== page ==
Well, this is awkward.
OK, not really. Because despite the fact that a mooted Ex‐Im loan will help my homeland (or, more precisely, a company based in my homeland), it is still not ok.
The Ex‐Im bank touts itself as an easy yes, a no‐brainer of an institution to which no rational person who likes exports, jobs, and children could ever possibly object. It’s self‐funding! It lends only for entirely risk‐free purposes! It creates jobs! It is merely correcting a market failure, so even conservatives should support it! (I’ve written before about why those areallmyths).
But often when Ex‐Im funds a purchase abroad, some other American firm will suffer. Delta Airlines has long been critical of loans supporting Boeing exports that it says enable its competition to offer cheaper flights and hurt its business. And now we have a new example of the unintended consequences of picking winners, whereby Ex‐Im is reportedly considering financing the sale of about $520 million worth of Caterpillar earthmoving equipment to an Australian mining firm. That has attracted the ire of Minnesota Senators Franken and Klobuchar, because it could hurt mines in their state. From the Duluth News Tribune:
It’s not that Minnesota’s congressional delegation doesn’t like Australia, mate. But the idea of a U.S. government bank loaning money to an Australian iron ore mine that will compete with Minnesota taconite?
That’s what they don’t like.
U.S. Sens. Al Franken and Amy Klobuchar and U.S. Rep. Rick Nolan, all Minnesota Democrats, are on record opposing a plan in front of the U.S. Export‐Import Bank to invest in equipment for the giant Roy Hill iron mine in Australia’s northwestern Outback…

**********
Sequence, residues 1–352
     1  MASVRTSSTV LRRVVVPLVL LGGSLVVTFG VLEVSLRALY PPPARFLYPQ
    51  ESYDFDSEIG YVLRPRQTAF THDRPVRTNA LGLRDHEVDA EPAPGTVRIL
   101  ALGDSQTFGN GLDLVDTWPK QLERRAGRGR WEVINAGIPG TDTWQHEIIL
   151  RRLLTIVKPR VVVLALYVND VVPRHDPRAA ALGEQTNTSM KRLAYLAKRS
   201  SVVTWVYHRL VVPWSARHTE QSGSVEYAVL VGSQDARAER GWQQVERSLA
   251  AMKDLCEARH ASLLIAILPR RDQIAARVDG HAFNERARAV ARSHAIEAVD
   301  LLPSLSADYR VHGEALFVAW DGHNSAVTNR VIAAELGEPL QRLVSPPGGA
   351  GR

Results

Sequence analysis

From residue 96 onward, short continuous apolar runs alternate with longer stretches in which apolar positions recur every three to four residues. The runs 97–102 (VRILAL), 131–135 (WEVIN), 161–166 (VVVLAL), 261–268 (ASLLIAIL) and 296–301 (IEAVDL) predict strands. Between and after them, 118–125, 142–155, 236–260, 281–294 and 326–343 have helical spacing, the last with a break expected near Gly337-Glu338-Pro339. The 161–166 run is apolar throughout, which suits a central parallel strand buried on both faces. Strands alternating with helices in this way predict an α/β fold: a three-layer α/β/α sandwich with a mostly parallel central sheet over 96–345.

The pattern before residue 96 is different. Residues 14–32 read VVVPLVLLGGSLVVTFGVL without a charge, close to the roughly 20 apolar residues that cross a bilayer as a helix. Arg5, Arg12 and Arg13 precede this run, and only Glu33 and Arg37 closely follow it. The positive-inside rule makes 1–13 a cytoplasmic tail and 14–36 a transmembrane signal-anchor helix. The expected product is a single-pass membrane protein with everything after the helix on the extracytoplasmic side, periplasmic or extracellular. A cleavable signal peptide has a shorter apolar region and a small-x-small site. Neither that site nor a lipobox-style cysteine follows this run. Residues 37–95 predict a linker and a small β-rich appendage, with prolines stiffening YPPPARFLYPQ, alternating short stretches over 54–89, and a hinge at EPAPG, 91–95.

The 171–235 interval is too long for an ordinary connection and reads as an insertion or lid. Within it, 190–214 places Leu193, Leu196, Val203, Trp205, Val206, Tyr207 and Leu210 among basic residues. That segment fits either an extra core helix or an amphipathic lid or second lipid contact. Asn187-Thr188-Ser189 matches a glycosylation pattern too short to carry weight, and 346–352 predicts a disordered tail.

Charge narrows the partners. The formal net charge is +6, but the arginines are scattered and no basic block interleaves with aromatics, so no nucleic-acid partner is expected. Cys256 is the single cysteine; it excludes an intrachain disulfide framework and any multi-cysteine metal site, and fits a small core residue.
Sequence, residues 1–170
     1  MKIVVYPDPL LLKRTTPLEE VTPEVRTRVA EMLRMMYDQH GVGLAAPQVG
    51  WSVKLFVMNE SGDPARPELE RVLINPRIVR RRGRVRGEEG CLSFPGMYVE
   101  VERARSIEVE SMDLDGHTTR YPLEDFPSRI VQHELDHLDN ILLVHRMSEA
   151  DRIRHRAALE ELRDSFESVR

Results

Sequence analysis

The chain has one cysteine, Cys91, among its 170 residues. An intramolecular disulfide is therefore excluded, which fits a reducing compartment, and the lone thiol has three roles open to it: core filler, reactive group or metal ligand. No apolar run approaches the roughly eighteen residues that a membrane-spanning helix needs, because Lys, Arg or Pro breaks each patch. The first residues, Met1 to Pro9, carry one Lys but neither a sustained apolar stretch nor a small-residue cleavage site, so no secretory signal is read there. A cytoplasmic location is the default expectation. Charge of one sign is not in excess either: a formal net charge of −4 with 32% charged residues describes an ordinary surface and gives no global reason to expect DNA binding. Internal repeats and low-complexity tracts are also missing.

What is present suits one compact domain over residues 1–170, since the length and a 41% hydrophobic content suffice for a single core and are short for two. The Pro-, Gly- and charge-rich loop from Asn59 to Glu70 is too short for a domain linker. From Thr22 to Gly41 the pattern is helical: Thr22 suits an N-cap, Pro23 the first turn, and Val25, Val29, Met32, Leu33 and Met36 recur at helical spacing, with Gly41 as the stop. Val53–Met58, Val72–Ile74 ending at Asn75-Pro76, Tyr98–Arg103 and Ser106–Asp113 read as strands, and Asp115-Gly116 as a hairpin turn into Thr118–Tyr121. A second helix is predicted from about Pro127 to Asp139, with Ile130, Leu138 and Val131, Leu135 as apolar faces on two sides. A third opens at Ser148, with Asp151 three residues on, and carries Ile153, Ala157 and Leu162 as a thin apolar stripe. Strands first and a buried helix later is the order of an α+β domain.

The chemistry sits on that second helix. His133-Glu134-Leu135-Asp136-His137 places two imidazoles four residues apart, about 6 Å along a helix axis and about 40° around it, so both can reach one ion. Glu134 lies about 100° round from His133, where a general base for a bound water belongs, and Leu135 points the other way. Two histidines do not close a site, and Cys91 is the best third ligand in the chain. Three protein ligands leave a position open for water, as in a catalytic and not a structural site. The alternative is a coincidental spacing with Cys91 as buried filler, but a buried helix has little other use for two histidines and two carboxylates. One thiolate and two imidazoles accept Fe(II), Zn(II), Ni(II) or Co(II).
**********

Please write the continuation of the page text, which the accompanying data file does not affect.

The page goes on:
Cleveland‐based Cliffs Natural Resources, with four mines in Minnesota and Michigan, has led the charge to stop the loan, saying it threatens U.S. mining jobs and, with new Asian steel produced from Australian ore, eventually threatens U.S. steel industry jobs.
Details of the loan, including the name of the beneficiary U.S. company, are supposed to remain secret to prevent foreign competitors getting a leg up. But the News Tribune has learned that the U.S. manufacturer is Caterpillar Inc. and that the equipment includes giant trucks, bulldozers and shovels made in Illinois and Wisconsin.
And that means the Export‐Import Bank now is being squeezed by two titans of U.S. industry.
The bank is conducting an “extensive economic impact study” on the loan, Phil Cogan, vice president of communications for the Washington‐based bank, told the News Tribune.
The deal is expected to reach the bank’s board for a vote in the next few weeks, and that’s why lawmakers and some Minnesota mining interests are weighing in as the bank accepts public comments.
Incidentally, the project in question is operated by Australia’s richest person, Gina Reinhart. From everything I’ve heard and read, Ms. Rinehart seems an extremely able businesswoman, more than capable of financing her own purchases if she decides they are viable. This seems like yet another misguided “investment” by the Ex‐Im Bank. Mate.